2. Every machine you add comes with a constant base cost, which seems to be hidden and could be the killer. The space in the cabinet, motherboard, power supply, cooling, networking gear etc. For every server you add, this hidden cost also adds up. So adding a number of commodity type servers may not be the best choice always.
  3. Don’t let your system sit ideal, if they do, then you are paying for what you are not using.
  4. Consolidate, this is the key when you want to have a robust deployment with backup servers/nodes for almost every critical service/application. Consider deploying multiple services together instead of putting them all in a number of small servers. In some scenarios, you would need a clear separation, however, this should be a conscious choice.
  5. Standardize your server types or put them in buckets depending on your payload. Here are some examples for buckets, CPU frequency intensive, CPU count intensive, storage heavy, mixed-loads, storage can also be thought of in further buckets like HHDs and SSDs.

Server Configuration Considerations

  1. Closely observe your application, pay close attention to its needs. It might need more number of CPUs, or just a better CPU frequency or both.
  2. Don’t just split one server into two servers if your RAM requirements are more. If adding RAM can save a server, go for it.
  3. SSDs can also help you to save a lot of servers. Typically, one SSD can give you approximately double the write performance compared to HDDs. And also your CPU cycles are better utilized with SSDs as I/O is faster so lesser blocking calls.
  4. More SSDs is to compare the performance of NVMe vs SATA, this requires you to run your application in A/B test mode for some time. Typically, NVMe disks can help you get faster ingestion and hence less overall compute is needed to do the same job compared to SATA.

Takeaways

These are my takeaways from the massive deployment process we handled. In terms of considerations, you should consider this type of deployment when you are building the applications and your business has become stable, this should be the right time to remove bottlenecks from the system. This is the first blog post in a  series of posts I intended to write. On the next post, I would share with you the strategies, deployment planning and the road to massive cost savings.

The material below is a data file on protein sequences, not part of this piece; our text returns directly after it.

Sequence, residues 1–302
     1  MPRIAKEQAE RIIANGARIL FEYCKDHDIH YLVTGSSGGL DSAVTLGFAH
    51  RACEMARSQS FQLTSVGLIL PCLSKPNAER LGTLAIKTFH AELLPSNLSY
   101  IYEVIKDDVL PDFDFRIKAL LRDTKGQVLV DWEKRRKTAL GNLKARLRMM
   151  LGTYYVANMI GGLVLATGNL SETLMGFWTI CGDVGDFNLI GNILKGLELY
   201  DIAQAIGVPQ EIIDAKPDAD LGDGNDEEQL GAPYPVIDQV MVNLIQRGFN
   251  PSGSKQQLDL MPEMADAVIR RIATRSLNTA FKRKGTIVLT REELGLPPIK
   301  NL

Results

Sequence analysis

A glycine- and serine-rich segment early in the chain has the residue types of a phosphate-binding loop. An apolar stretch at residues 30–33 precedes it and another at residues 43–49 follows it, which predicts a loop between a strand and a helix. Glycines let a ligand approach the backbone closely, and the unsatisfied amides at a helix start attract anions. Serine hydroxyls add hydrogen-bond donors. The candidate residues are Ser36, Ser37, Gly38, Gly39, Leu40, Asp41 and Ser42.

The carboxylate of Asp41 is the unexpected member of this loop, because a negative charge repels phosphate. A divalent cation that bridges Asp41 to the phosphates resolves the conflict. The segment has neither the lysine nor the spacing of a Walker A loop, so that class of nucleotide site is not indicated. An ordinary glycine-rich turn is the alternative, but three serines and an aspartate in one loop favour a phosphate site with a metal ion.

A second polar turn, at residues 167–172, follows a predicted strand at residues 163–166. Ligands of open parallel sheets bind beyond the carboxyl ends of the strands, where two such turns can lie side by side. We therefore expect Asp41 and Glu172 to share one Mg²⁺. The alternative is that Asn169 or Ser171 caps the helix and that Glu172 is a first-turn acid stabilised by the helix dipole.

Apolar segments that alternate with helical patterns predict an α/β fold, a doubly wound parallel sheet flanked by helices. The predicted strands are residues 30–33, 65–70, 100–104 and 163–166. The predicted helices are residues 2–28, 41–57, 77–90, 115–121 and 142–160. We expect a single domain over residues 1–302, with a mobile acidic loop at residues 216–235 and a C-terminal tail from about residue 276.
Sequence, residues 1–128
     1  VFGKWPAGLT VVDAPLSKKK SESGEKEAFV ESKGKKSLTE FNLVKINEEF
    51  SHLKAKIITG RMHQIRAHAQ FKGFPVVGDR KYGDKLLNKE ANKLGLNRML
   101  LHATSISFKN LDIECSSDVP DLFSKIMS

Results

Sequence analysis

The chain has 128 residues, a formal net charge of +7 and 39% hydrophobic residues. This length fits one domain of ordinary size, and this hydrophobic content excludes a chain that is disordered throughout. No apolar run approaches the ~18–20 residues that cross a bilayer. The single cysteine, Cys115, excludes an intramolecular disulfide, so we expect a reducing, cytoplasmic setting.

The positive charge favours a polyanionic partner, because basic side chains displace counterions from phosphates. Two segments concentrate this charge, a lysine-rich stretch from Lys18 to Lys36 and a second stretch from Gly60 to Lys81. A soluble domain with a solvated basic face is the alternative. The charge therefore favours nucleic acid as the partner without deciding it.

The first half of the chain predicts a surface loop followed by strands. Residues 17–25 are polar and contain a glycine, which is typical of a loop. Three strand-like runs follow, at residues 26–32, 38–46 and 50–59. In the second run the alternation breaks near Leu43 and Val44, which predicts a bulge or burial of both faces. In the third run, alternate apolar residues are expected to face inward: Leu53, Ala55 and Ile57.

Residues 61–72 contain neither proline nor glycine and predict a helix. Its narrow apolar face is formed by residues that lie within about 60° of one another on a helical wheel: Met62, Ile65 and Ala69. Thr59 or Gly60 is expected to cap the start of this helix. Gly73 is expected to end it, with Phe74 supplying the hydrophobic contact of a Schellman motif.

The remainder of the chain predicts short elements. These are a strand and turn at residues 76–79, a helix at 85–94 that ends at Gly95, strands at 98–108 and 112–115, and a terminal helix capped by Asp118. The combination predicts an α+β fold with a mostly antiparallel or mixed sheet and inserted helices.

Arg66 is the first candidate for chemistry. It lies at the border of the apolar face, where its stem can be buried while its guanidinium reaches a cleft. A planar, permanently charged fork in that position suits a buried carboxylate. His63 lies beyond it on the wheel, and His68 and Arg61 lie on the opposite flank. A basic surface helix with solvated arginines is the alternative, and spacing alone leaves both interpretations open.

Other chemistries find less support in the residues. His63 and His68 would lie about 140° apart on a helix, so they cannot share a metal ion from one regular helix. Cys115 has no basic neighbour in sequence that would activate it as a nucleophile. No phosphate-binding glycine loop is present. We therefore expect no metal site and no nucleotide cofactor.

Some food for thought

  1. Are you relying on free tools provided by various cloud providers? If your answer is yes, think twice. It can give you a quick initial scratchpad for faster prototyping but in the long term, it leads to vendor lock-in and higher costs of operations.
  2. Are you looking for the flexibility to shrink your server footprint every now and then? The basic question to answer is how seasonal your workload is? Do you really shrink it or autoscale every night, every week or every month?
  3. Are you open to test your applications both on Virtual and Physical servers? Will your application run out of the box on physical servers or would you need to make changes to support either of them. These are the design and deployment strategies that should be thought through during the initial phases. They might appear as something you can ignore in the early stages, but they would become a major challenge later on when you need to choose between virtual and physical.
Servesh Jain
An engineer at the core who loves to solve real-world problems with a passion for delivering cost-efficient solutions that are scalable and performant. Servesh is not afraid of challenging the status quo and trying solutions that require unconventional thinking. A strong supporter of open source and bare-metal infrastructure. In his free time, Servesh enjoys reading Sanskrit and Prakrit texts or holding a paintbrush near a canvas.